- Area: 241,038 sq km
- Population: 39,570,125
- Infant mortality: 56.1 deaths/1,000 live births
- Life expectancy: 55.9 years
- Urbanisation: 23.8% of total population
- Literacy: 78.4%
The colonial boundaries created by Britain to delimit Uganda grouped together a wide range of ethnic groups with different political systems and cultures. These differences complicated the establishment of a working political community after independence was achieved in 1962. The dictatorial regime of Idi AMIN (1971-79) was responsible for the deaths of some 300,000 opponents; guerrilla war and human rights abuses under Milton OBOTE (1980-85) claimed at least another 100,000 lives. The rule of Yoweri MUSEVENI since 1986 has brought relative stability and economic growth to Uganda. In December 2017, parliament approved the removal of presidential age limits, thereby making it possible for MUSEVENI to continue standing for office.
It is tropical; generally rainy with two dry seasons (December to February, June to August); semiarid in northeast. Terrain mostly plateau with rim of mountains.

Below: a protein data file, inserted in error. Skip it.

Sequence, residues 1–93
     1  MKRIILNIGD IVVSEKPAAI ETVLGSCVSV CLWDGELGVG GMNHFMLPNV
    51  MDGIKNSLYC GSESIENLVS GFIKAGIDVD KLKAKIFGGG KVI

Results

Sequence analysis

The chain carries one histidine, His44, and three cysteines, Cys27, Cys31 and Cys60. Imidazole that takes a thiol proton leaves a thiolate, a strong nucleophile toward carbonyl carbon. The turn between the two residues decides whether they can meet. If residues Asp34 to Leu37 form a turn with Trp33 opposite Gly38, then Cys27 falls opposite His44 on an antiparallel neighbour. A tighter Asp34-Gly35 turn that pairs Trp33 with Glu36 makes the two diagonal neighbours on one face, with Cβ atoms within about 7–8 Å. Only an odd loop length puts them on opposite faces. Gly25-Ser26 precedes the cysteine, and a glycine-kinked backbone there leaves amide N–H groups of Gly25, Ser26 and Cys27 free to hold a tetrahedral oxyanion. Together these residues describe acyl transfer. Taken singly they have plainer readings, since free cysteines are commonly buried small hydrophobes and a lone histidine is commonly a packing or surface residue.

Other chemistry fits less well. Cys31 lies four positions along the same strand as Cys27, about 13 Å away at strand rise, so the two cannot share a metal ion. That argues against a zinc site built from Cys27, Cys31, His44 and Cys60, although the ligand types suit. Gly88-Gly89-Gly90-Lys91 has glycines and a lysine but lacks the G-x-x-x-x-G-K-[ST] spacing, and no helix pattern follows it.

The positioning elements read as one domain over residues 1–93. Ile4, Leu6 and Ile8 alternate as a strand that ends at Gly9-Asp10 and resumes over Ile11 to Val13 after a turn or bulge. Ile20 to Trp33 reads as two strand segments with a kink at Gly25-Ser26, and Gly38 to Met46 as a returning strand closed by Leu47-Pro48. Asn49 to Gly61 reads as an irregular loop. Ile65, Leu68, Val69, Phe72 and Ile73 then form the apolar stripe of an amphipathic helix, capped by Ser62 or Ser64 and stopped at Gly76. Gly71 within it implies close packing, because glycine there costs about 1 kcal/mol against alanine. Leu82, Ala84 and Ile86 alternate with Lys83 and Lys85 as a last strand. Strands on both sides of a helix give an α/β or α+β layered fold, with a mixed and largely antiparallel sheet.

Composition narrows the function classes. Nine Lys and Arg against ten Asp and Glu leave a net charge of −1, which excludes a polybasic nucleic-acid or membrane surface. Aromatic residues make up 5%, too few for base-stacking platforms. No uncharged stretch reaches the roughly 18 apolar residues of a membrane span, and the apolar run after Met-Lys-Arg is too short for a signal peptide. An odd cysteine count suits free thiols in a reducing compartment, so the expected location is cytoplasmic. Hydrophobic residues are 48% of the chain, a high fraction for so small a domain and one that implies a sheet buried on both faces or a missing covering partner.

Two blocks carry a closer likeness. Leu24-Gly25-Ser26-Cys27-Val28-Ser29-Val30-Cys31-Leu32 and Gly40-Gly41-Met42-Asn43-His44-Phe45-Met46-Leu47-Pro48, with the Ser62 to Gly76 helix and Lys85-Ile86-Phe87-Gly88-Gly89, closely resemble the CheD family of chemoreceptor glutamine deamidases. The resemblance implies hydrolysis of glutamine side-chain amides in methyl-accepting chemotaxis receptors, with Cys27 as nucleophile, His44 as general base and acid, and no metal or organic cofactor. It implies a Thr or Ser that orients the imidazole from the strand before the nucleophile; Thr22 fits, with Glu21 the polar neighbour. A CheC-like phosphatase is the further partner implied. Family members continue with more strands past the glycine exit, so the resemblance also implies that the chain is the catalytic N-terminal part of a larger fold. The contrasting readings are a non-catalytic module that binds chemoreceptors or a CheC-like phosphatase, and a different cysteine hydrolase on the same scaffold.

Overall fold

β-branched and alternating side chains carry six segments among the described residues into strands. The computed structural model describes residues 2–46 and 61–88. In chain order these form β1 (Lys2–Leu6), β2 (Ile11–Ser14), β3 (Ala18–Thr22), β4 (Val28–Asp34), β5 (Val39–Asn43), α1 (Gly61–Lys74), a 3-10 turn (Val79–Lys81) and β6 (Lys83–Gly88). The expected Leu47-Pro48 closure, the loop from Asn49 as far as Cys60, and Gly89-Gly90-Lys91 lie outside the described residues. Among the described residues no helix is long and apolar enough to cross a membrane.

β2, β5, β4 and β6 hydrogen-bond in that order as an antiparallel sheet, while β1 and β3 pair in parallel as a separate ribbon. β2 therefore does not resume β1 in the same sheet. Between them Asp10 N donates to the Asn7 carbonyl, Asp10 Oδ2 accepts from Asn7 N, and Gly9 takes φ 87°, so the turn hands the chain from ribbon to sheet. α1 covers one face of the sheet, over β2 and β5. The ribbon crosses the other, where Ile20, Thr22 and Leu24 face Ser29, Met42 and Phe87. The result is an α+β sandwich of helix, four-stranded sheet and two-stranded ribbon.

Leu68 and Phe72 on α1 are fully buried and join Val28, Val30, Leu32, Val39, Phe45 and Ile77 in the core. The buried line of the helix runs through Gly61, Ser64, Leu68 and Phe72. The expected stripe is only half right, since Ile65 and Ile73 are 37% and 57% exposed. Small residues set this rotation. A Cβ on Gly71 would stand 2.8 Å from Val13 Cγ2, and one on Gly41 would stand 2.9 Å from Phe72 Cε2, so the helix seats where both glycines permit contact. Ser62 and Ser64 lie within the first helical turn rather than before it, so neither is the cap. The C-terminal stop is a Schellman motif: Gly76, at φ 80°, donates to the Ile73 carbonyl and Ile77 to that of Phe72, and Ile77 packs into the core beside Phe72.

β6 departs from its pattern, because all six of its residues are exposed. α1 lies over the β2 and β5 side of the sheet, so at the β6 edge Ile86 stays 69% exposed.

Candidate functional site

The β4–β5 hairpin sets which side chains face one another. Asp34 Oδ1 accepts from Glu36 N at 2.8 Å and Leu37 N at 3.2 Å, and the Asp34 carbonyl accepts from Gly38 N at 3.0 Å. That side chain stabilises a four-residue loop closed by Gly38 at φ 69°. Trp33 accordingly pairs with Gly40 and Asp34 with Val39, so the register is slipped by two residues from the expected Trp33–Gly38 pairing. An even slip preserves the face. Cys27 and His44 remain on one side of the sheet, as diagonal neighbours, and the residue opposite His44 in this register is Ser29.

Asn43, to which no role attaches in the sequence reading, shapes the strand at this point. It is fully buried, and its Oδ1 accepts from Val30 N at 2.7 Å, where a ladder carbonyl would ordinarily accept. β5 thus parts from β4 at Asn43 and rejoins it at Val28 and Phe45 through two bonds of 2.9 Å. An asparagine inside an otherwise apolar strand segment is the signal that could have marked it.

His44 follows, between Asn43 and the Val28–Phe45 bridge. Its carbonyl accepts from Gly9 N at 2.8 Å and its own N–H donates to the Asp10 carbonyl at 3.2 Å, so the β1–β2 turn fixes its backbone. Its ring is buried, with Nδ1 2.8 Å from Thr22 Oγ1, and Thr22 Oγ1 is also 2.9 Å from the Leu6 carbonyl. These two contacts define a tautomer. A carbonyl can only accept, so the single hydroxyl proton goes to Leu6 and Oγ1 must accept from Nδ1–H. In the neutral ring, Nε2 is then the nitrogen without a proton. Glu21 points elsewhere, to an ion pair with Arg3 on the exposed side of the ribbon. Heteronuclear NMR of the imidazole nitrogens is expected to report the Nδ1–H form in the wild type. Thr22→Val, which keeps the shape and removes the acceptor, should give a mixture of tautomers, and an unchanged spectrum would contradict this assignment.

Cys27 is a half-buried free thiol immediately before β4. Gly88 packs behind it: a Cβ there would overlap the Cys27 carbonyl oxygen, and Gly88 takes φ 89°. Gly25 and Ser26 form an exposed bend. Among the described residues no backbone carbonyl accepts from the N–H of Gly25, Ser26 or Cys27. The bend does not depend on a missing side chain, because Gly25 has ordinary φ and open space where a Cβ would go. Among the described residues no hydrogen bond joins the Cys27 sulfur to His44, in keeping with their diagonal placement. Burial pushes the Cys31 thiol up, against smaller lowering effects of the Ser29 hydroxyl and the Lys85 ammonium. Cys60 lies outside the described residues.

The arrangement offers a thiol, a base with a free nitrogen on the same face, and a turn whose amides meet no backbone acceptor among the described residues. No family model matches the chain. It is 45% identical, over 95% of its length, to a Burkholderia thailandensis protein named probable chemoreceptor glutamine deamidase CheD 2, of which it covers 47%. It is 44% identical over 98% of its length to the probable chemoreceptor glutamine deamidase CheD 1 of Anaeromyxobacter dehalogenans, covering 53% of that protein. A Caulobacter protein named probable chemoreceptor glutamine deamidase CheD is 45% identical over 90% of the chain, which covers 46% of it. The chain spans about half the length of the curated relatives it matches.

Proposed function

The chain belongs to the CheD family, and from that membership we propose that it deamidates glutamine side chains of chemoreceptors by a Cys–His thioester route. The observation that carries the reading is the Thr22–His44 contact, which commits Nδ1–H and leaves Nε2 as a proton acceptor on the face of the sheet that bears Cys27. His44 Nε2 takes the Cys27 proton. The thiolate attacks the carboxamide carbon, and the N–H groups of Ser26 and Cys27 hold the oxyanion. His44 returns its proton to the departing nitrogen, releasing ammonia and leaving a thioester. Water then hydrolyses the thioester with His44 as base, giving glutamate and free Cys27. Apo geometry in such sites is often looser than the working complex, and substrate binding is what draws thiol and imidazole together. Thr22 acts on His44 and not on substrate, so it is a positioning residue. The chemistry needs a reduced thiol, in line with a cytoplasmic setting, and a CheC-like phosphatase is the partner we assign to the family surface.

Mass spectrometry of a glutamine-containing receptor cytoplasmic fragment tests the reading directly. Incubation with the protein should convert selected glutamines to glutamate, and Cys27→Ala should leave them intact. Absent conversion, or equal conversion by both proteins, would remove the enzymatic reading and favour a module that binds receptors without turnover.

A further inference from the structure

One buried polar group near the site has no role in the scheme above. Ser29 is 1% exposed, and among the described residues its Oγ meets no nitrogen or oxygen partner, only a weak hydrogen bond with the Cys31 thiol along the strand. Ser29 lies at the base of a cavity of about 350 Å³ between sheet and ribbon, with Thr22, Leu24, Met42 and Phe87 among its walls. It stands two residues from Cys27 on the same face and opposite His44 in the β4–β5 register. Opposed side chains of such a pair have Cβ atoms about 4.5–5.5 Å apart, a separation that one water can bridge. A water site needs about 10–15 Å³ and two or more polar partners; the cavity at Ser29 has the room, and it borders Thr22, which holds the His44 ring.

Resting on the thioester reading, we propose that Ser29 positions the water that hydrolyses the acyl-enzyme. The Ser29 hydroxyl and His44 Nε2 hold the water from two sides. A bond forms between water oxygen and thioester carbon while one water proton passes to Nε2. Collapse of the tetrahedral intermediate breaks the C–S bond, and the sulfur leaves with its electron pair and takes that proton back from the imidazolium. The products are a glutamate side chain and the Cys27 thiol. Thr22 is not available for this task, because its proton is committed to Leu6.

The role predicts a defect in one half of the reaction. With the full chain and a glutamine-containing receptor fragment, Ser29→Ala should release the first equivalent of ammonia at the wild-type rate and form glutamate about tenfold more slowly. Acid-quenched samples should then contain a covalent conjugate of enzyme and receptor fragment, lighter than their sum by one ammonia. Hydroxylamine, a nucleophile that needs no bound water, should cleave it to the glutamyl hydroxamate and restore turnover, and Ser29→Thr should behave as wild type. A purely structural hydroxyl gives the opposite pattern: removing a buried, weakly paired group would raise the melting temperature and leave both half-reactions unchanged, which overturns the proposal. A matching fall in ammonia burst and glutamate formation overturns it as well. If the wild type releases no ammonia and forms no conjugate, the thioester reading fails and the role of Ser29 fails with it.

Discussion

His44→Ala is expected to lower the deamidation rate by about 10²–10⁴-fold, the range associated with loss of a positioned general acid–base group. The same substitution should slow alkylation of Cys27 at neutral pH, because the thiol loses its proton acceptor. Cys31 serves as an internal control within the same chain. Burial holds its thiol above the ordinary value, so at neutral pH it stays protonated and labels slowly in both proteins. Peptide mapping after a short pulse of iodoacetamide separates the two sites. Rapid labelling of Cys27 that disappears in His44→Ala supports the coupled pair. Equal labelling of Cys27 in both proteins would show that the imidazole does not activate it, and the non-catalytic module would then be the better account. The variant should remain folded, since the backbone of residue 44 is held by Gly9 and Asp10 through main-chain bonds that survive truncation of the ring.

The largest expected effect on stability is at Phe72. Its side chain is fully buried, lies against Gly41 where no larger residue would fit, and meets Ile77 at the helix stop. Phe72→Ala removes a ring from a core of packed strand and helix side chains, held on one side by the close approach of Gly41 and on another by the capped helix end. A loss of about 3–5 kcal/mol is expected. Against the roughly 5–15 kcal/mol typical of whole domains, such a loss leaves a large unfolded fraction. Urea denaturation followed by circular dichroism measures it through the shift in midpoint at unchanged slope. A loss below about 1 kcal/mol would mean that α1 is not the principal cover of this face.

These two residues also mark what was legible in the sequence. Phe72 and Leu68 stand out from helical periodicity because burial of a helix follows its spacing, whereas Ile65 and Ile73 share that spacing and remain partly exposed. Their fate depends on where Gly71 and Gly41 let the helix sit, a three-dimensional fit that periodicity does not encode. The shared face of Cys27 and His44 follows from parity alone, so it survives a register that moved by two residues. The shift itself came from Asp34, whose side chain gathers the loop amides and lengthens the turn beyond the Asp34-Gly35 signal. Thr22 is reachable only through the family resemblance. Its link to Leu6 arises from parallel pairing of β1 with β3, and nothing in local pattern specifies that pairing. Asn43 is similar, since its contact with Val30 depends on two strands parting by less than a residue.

Uganda has substantial natural resources, including fertile soils, regular rainfall, significant reserves of recoverable oil, and small deposits of copper, gold, and other minerals. Agriculture is one of the most important sectors of the economy, employing 72% of the work force. The country’s export market, which suffered a major slump following the outbreak of conflict in South Sudan, has now recovered, largely due to record coffee harvests and increasing gold exports. Uganda has a small industrial sector that is dependent on imported inputs such as refined oil and heavy equipment. Productivity is hampered by several supply-side constraints, including insufficient infrastructure, underinvestment in agriculture, rudimentary technology, and corruption. Uganda’s economic growth has slowed since 2016, with the growth rate dropping from 5.7% in 2015 to 4.4% in 2017. In FY 2016/17, revenue collections dropped by 4%, as public debt increased from 33.3% of GDP in 2015 to 40% in 2017. Uganda relies on foreign donor support to finance long-term drivers of growth, such as agriculture, health, and education. Oil revenues and taxes will become a larger source of government funding in the near future when oil production begins in the next three to 10 years. Foreign investors are planning to invest $9 billion in production facilities projects, $4 billion in an export pipeline, and $2-3 billion in a refinery to produce petroleum products for the domestic and East African Community markets. Furthermore, the government is looking to build several hundred million dollars’ worth of highways to connect the oil region to the rest of the country. Uganda faces many economic challenges. Instability in South Sudan has led to a sharp increase in Sudanese refugees and is disrupting Uganda's main export market. Uganda has one of the lowest electrification rates in Africa - only 22% of Ugandans have access to electricity at the national level, and this figure drops to 10% in rural areas. Additional problems include poor economic management, endemic corruption, and a failure to invest adequately in health, education, and economic opportunities for a burgeoning young population.